History of Two Step

History of the Two Step

All fans of country music know that it was absolutely made for dancing, and there are plenty of different styles that you can let loose to. One of the most popular types is the Two Step, and this is one that you have to try if you haven’t already!

Even if you’re already a master at this dance, do you know the history behind it? If not, kick off your dancing boots for a few minutes and read on! A little bit of learning will allow you to show off your knowledge as well as your dance moves next time you’re in the Grizzly Rose.

Origins of the Two Step

History of Two Step

As with many great things in history, it’s hard to say exactly when the Two Step was originally created. But, it didn’t just come moseying on in one day. Instead, it was basically a mixture of the Foxtrot and the One Step, two other dances that were quite popular in the past. This was all going on in the early part of the 1800s, and these styles had their roots in the waltzes that were popular throughout Europe at the time. The first common name coined for this dance was the “valse a deux temps,” however, a French name didn’t quite match with the feeling of the dance, so it was eventually traded to become the Two Step.

Development of the Dance

The Two Step has gone through many changes over the years, but the early days of the dance become popular thanks to some music created by the famous composer John Philip Sousa. He wrote a song called the Washington Post March in 1889, and the pattern of the song pushed people to drop the more traditional gliding dances in favor of the style of the Two Step.

As an interesting little side note, the song was in fact named for the famous paper in our nation’s capital. The paper was hosting an awards ceremony for an essay contest, and they wanted to have some patriotic music playing. So, the leader of the United States Marine band wrote the song, and you can thank the newspaper business for helping to inspire one of your favorite pastimes!

These dances at the beginning were very different from the Two Step that you dance today. It was really various versions of the Foxtrot back then, but the important part is that they started moving one-step and two-step moves into popularity. Kids particularly liked dancing these moves when they were learning how to square dance, and they were so fun that they wanted to stick with them as they grew up.

The Country Two Step

The dance is often called the Texas Two Step or the Country Two Step, and those names came from the period when it started to separate from the Foxtrot. It was popular in the south, as is quite common with country music, so plenty of people in Texas were dancing along to it.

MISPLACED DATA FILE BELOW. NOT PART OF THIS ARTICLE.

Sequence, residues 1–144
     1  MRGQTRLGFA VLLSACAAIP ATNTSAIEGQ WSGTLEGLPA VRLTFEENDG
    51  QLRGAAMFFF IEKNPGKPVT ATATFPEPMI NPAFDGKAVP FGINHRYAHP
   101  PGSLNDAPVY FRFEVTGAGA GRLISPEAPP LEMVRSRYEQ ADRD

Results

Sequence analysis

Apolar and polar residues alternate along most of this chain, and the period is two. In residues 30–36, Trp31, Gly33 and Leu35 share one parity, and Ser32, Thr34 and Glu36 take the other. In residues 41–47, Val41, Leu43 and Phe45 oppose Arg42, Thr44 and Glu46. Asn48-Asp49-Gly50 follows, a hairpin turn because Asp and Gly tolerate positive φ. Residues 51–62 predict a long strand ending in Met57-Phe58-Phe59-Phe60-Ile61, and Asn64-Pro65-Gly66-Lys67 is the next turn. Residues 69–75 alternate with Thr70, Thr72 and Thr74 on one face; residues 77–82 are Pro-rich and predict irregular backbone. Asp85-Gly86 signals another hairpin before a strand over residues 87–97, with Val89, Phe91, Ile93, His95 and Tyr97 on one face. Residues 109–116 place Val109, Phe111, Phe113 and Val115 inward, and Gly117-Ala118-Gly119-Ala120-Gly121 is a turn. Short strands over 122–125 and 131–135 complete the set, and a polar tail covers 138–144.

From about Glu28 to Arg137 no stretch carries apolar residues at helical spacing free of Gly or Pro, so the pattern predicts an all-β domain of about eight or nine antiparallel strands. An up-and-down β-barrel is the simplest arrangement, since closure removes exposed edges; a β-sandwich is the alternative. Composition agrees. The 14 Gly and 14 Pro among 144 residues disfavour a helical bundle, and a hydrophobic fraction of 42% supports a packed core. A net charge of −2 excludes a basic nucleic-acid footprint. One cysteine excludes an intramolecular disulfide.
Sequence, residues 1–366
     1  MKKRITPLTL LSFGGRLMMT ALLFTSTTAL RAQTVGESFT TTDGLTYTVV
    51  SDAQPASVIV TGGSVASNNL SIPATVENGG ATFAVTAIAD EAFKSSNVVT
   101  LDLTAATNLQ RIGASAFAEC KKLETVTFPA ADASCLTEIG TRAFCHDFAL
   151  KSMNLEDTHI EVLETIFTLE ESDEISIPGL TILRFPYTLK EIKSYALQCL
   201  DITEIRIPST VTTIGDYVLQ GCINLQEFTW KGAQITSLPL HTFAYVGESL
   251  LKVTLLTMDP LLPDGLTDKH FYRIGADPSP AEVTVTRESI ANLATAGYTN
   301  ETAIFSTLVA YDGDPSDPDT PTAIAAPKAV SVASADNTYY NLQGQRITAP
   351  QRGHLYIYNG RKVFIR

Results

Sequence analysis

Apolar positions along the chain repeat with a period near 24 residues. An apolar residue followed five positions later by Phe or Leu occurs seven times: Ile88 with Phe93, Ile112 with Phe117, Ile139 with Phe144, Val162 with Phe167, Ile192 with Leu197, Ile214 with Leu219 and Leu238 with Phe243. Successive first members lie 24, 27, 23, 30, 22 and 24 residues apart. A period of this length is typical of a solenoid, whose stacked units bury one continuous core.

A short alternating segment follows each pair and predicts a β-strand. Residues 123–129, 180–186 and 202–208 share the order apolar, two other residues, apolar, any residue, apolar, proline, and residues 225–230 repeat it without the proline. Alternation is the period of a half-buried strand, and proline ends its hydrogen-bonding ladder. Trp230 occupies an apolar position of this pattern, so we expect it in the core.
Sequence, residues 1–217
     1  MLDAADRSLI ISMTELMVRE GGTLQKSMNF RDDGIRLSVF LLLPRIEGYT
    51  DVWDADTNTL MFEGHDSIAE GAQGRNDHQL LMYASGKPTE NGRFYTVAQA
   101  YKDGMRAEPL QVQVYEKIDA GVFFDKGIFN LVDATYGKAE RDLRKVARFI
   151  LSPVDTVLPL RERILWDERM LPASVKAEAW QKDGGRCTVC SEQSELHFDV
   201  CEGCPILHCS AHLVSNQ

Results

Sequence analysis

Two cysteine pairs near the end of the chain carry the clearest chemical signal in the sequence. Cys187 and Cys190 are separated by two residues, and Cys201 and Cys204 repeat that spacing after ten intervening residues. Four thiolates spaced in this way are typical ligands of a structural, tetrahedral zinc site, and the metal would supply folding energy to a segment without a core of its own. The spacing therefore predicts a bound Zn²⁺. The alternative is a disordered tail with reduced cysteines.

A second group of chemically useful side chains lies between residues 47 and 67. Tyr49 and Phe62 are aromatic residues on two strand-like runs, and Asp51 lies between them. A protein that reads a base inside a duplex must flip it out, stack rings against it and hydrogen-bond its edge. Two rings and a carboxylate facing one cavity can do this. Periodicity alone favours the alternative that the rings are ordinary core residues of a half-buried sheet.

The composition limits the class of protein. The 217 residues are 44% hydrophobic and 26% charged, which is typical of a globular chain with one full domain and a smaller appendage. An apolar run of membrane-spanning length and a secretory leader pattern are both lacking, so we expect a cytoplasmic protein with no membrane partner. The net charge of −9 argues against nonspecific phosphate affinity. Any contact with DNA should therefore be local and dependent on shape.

Evolution of the Two Step

Two Step Dancing History

There were many different changes made to the dance over the years, but there was one particular instance that really spread it around. The movie Urban Cowboy came out in 1980, and of course people were impressed by John Travolta’s dance moves. The fact that it takes place primarily in a bar called Gilley’s in the Lone Star State is another reason this dance often has Texas stamped at the front.

But, the Two Step has gone through quite a few changes even since people agreed on a name. The early days saw dancers kicking back and forth down the floor in a straight line, but it slowly changed into the circular pattern that we know and love today.

How to Dance

Do you know how to do the dance? Let’s go over that to help all of this make sense! It’s done with partners (one is the “leader,” and the other is the “follower”), and they start out by facing each other. The leader obviously does the leading, and the pair goes counterclockwise around the dance floor. Various patterns of steps are followed (a mixture of quick and slow), and it depends on the dancers and exactly which style they’d like to do.

Learn to Two Step at the Grizzly Rose

On second thought, we can write about it all day, but let’s be honest for a second. You shouldn’t learn a dance by reading it, or even by watching online videos. You need to be in a Country Western environment surrounded by good music, cowboy hats, and plenty of friends!

So, do you want to learn these moves yourself? We have Two Step classes at the Grizzly Rose, so sign up and grab your boots! There are options for both group classes and private lessons for couples. We’ll have turn you into a master in no time, then you’ll be able to dance your nights away in true country style.

Exile Country Music Live Performance

Interview with Marlon Hargis from Exile

Interview with Marlon Hargis Exile

(source: exile.biz)